The Fox (1968) Film Review

The Fox
DIRECTOR: Mark Rydell
BOTTOM LINE:  Director Mark Rydell (“The Rose”, “On Golden Pond”) moves the location of the D.H. Lawrence short story to rural Canada where our lesbian couple Jill Banford (Sandy Dennis) and Ellen March (Anne Heywood) support themselves by raising chickens. They are happy and content. There is genuine chemistry between the two actresses without things being overtly physical. Then unexpectedly, in the dead of winter, merchant seaman Paul (Keir Dullea) arrives on the property in search of his grandfather. Yes, there is an actual fox who keeps killing the chickens and a dying oak tree which we begin to realize is the Canadian equivalent of Chekov’s gun. Like John Huston’s “Reflections in a Golden Eye”, released the previous year, “The Fox” does interesting things with color saturation (Bill Fraker was the cinematographer) and the Lalo Schifrin score has entered the jazz canon. All three leads are impressive and, although the ending is a disappointment from a gay perspective, the movie is well worth seeing.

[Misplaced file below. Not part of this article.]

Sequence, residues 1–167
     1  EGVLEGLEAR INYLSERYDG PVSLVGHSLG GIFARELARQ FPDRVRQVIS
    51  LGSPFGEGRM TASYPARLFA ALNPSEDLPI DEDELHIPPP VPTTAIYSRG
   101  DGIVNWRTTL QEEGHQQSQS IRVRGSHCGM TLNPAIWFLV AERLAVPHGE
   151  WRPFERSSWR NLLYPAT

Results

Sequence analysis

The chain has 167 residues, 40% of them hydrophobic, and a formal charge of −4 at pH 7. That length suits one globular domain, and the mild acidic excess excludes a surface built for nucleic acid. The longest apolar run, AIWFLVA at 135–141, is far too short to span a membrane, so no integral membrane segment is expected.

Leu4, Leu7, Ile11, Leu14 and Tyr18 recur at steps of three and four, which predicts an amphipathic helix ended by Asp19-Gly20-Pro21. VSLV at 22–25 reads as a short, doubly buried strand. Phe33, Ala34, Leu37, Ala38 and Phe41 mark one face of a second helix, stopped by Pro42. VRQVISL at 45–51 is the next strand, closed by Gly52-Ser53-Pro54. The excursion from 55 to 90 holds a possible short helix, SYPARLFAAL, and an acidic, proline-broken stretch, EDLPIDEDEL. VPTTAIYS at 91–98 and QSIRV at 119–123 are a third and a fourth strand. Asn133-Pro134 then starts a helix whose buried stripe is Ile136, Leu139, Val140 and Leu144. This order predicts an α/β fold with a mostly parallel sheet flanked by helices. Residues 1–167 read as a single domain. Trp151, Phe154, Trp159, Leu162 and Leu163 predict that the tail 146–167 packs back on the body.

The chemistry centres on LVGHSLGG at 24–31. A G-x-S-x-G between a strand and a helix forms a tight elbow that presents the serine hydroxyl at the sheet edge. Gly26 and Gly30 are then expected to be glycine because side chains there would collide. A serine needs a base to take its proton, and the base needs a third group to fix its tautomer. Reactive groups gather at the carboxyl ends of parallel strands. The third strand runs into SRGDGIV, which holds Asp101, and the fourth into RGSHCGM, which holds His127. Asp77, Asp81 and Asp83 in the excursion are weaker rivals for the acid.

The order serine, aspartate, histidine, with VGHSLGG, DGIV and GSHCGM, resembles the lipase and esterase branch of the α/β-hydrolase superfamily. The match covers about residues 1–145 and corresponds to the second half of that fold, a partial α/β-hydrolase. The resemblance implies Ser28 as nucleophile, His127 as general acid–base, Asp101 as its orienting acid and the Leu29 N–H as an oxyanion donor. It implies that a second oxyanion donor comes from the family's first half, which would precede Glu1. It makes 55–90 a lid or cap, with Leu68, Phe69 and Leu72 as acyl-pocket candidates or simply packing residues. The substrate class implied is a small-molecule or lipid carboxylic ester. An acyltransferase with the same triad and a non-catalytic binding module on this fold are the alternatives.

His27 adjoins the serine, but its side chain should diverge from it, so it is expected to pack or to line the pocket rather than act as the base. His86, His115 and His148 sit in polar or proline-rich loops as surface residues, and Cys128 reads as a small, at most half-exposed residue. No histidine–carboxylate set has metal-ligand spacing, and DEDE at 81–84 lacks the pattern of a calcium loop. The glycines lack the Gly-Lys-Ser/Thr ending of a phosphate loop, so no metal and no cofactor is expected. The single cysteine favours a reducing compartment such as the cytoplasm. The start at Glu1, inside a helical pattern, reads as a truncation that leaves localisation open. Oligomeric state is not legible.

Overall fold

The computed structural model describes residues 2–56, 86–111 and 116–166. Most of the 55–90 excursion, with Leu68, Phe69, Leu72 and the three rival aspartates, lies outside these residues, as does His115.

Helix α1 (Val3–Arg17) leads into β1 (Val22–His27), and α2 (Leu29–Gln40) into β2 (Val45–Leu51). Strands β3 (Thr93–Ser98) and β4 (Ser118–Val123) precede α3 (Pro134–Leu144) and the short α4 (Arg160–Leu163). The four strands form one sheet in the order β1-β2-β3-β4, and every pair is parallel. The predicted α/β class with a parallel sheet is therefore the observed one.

POST TITLE: Twenty-Seven Queer Films 1967-1976. Queer Cinema Comes Out. – TheBrownees
CATEGORY: My Favorites
SUBCATEGORY: Queer Film
STREAMING: “THE FOX” IS NOT AVAILABLE FOR STREAMING. THE DVD CAN BE PURCHASED FROM AMAZON.

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